Saturday, December 4, 2010
Earlier, I indicated that there was a huge range of salsa besides tomato. I have *two* kinds of Solanaceae free salsa for you this coming week, to prove my wild-eyed allegations.
Take some mangoes. If you've got Tommy Atkins (what a problematic imperialist name for a fruit variety) mangoes, two will be sufficient. If you have Manila mangoes, four will be necessary. If you have another variety of mango, I will assume you are familiar enough with the first two varieties to draw your own conclusions. (I can also come to where you live and test these mangoes extensively.) Cutting mangoes is a bit difficult- there is a line of rough bilateral symmetry which indicates the location of the seed. One can remove large ovals of mango flesh from either side of this line- and then peel off the slightly toxic skin and dice the fruit into a bowl. The remaining flesh on the mango disc could be conscientiously sliced into the bowl, in theory. This has never actually happened. Instead, remove the last bits of skin, gnaw on the pit like the primate you are, floss your teeth, and get on with the rest of the salsa. (This involves repeating the process with at least one more mango. Other people might point out that you can share the mango pits, but you should point out that you are both making the salsa and holding a very sharp knife.)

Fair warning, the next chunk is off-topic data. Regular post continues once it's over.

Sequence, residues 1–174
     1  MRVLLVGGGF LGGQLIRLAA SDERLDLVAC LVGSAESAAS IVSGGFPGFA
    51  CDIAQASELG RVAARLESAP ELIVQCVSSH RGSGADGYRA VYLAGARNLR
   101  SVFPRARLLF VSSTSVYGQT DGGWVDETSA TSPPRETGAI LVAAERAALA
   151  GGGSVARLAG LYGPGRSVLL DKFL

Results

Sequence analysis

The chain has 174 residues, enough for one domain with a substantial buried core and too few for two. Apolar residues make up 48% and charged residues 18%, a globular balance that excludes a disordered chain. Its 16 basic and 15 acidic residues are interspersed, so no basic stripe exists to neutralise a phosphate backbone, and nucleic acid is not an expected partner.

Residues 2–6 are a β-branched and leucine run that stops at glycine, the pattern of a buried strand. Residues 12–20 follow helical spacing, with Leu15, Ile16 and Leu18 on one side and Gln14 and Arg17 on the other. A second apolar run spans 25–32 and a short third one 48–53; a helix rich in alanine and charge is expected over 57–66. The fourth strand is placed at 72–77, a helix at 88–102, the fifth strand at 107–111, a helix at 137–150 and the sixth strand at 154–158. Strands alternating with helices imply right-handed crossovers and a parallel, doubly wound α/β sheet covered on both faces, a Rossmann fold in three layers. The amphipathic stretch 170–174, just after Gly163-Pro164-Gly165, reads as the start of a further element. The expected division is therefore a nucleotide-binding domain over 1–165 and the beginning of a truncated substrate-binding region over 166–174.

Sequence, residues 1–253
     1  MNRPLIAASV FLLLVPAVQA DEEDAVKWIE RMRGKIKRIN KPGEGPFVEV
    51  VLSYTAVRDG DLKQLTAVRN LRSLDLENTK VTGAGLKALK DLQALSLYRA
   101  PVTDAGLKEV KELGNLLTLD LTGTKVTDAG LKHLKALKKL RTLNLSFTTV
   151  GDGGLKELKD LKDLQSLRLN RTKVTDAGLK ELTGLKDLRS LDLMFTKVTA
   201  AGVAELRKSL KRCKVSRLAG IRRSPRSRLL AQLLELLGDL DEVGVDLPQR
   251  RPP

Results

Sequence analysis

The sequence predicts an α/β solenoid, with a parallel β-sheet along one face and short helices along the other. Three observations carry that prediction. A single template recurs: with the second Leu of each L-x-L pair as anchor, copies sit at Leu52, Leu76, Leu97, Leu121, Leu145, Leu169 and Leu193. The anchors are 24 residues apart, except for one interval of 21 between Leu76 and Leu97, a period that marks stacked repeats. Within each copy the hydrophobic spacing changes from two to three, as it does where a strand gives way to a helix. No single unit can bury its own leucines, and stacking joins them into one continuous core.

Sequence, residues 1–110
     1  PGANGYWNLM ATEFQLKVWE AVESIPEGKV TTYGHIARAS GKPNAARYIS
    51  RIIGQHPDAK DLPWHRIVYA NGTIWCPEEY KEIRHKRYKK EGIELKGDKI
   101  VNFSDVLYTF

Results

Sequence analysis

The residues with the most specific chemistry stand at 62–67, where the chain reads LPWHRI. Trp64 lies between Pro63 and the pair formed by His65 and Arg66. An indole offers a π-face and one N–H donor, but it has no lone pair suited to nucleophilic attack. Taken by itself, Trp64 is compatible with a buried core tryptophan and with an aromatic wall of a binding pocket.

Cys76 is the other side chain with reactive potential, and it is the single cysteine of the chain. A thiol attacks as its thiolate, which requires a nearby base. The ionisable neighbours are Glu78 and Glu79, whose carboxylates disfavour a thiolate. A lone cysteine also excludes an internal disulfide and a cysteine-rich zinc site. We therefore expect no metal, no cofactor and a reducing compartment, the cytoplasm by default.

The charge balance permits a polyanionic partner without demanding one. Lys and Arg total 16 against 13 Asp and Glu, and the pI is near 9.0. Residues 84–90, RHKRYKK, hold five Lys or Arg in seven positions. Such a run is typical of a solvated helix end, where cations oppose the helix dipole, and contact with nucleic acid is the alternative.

Dice 1/4 medium onion very finely and add to the mango bowl. Dice 1/2 bell pepper(inessential), one handful cilantro, and one handful mint. (Mint is actually pretty important, but don't let the lack of mint combined with a surfeit of mangoes prevent making mango salsa.) Put these things in the bowl. Add the juice of 1.5 limes and a sprinkle of salt. Stir. If I'm making this for my Midwestern father, I chop in a couple of chiles. If I make this for my Chilean husband, I add a little more lime and mock him.
My entire family pretends that only I know this recipe so they will not have to chop all of these things. Now it is on the Internet, and they have no excuse.